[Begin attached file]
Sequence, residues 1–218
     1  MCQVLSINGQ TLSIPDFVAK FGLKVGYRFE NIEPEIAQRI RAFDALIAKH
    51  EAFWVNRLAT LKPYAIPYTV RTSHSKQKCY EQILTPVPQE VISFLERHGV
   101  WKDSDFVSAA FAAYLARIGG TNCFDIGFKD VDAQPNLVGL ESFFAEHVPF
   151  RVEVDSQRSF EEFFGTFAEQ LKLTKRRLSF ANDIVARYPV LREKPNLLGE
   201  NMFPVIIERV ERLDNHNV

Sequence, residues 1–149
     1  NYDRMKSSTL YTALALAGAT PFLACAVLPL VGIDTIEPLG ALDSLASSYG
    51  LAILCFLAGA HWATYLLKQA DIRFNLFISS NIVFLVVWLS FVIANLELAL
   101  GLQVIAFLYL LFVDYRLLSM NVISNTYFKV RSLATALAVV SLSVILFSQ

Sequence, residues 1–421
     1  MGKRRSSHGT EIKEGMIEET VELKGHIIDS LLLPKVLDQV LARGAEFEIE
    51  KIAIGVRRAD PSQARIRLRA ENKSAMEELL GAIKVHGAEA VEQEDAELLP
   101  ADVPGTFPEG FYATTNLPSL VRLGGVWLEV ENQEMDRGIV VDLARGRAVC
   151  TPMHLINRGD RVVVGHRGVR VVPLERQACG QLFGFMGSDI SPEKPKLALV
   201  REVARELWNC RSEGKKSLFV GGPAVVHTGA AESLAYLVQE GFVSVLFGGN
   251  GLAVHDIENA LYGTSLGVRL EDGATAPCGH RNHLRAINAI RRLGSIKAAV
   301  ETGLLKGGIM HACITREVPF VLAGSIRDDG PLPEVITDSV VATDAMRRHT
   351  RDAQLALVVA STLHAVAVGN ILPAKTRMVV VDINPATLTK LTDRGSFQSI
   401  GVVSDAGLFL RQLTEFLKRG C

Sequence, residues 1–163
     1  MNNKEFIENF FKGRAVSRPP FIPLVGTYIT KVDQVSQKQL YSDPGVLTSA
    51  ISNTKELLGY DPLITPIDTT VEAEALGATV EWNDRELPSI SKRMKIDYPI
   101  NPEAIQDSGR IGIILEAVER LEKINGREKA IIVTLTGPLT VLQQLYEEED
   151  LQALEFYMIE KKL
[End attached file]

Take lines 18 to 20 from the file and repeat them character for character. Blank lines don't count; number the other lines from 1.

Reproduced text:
   301  ETGLLKGGIM HACITREVPF VLAGSIRDDG PLPEVITDSV VATDAMRRHT
   351  RDAQLALVVA STLHAVAVGN ILPAKTRMVV VDINPATLTK LTDRGSFQSI
   401  GVVSDAGLFL RQLTEFLKRG C